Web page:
One from the many: Honing multicenter clinical trials

IRB, post-grant work done

At least one research institution has found that a departmental research infrastructure is needed to make clinical trial (CT) research more efficient and feasible when multicenter CTs are involved.

The obstetrics and gynecology research network (OGRN) has a multicenter clinical trial group that includes seven different clinical trial networks that are funded by National Institutes of Health (NIH) grants and contracts.

"Most of them are being conducted at anywhere between five and 12 different hospitals that cross four health-care systems," says Michael W. Varner, MD, a professor of obstetrics and gynecology and vice-chair for research at the University of Utah School of Medicine in Salt Lake City, UT.

The OGRN is a consortium of more than 40 research personnel who administer obstetric and gynecologic clinical trial networks, including NIH-funded clinical trials in hospitals and more than 100 offices of women's health providers in northern Utah. It began 13 years ago with a staff of three, Varner says.

Running clinical trials related to obstetrics has some unique challenges, Varner notes.

"NIH has figured out that in order to have enough cases of any significant outcome and reasonable length of time, then they need to do multicenter clinical trials," Varner explains.

"There's also the fact that there is more and more required oversight compliance with various federal regulations," Varner says.

Having one office handle IRB work, subcontracting, time and effort reporting, and research activities has created a more efficient and effective process, he says.

The networks primarily receive funding by capitation: they receive a small base amount and then piece work pay reimbursement for each task, including screening, recruitment, enrolling subjects, and study completion, he says.

Tracking time and effort is complicated.

"The reality is that you have individuals working on multiple projects so there never is any down time," Varner explains.

This is what is hurting CR sites financially because they have employees who are on a fixed salary, but the sites lack the ability to accurately track time and effort and move effort per individual employee from one protocol to the next, he says.

The OGRN subcontracts with sites and receives for its work a portion of the NIH funding, Varner says.

"We're at least breaking even, although it varies from year to year," Varner says. "The only reason that we are breaking even is because we have a cadre of experienced research personnel that can shift from one project to the next as we need them to."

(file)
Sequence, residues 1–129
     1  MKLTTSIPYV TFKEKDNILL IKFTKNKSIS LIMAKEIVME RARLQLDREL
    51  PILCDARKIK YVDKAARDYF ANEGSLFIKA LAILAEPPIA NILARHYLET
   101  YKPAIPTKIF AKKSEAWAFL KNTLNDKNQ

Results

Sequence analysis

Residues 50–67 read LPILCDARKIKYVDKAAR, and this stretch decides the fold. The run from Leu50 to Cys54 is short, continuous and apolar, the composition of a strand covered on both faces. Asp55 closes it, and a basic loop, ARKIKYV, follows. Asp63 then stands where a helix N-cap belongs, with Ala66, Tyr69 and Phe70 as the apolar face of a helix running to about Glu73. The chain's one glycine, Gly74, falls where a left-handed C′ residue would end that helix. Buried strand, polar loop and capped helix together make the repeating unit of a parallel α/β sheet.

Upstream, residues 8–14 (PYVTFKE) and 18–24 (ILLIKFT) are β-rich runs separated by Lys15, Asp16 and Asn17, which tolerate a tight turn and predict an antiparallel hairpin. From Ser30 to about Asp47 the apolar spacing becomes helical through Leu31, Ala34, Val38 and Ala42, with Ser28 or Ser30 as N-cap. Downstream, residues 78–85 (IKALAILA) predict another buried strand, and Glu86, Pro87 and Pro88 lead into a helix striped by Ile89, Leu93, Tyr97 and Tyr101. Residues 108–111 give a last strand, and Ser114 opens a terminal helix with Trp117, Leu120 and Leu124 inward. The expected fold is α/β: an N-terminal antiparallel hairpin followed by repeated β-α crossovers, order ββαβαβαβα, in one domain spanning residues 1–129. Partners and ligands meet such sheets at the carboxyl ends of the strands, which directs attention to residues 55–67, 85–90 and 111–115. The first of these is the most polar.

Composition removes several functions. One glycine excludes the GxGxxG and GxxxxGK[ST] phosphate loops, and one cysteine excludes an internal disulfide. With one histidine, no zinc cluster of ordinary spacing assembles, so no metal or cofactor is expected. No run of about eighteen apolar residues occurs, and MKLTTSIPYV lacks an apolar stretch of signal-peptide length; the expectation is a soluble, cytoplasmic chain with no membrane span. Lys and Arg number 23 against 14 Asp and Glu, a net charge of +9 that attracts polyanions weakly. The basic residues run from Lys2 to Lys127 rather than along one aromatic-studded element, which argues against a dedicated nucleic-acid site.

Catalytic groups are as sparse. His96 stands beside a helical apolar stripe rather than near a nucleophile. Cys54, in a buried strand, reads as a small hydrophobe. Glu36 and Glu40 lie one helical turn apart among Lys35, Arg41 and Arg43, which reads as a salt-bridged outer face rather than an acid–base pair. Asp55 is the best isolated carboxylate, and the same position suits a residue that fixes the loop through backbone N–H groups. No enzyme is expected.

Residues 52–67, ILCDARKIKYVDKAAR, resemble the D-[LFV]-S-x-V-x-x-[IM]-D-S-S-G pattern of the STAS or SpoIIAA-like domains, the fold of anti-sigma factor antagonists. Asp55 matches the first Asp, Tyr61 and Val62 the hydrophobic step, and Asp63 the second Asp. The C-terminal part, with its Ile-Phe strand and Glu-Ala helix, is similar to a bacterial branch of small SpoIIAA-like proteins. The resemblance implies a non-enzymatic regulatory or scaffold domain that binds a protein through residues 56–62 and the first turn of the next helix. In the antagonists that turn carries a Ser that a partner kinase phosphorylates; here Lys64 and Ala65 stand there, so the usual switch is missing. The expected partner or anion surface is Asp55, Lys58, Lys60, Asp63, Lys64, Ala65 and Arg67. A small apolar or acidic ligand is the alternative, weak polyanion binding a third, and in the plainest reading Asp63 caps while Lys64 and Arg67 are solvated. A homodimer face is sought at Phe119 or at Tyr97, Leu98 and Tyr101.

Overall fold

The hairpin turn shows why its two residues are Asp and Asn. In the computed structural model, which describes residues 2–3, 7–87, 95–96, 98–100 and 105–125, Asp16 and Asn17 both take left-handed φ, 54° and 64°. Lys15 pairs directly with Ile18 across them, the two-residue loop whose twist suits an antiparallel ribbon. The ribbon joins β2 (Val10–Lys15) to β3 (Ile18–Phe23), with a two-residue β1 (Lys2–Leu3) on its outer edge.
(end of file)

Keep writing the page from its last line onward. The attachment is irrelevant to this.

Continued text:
The OGRN focuses more on post-grant administration than on writing grants, but there soon may be more emphasis on the latter, he notes.

"The reality is that administering grants is complicated and an expensive business that has to be done in order to be in compliance, and you have to have good people to do it," Varner says. "And they have to be compensated appropriately, which takes money."

The OGRN has two fulltime financial employees and two fulltime research administration employees, plus one person handling the IRB and compliance issues.

"We're looking to add a grant specialist," Varner says. "We sent in eight NIH grants last October, and we've been writing grants on the side, so we need to add somebody whose job is to identify funding sources and help us put together competitive grants."

Enrolling for the studies poses its own challenges, but having the consortium helps create some efficiency, says Tonya K. Edvalson, BS, CIP, research compliance manager of obstetrics and gynecology at the University of Utah School of Medicine.

"Most of our hospitals don't have a dedicated clinic for obstetrics, so we rely a lot on community-based recruitment," Edvalson says.

"Our research personnel are going out to private practice facilities and enrolling from that patient base," she adds. "And we have a good relationship with clinicians in the community who allow us to recruit their patients."

The system is mostly electronic, but it's difficult to train research staff on all of its applications, Edvalson notes.

"Theoretically, they should be able to log in and pull up the information," she explains. "But it's complicated teaching them how to use it, so finding a better way to relay that information is one of my bigger challenges."

Edvalson sends emails to site research nurses and expects them to disseminate the information to their staffs.

"We have a nurse at each of five hospitals who is in charge of operations for that hospital and associated clinics," Varner says. "Some of our hospitals and some of our IRBs are not converted to the electronic world yet, and they're doing every application on paper."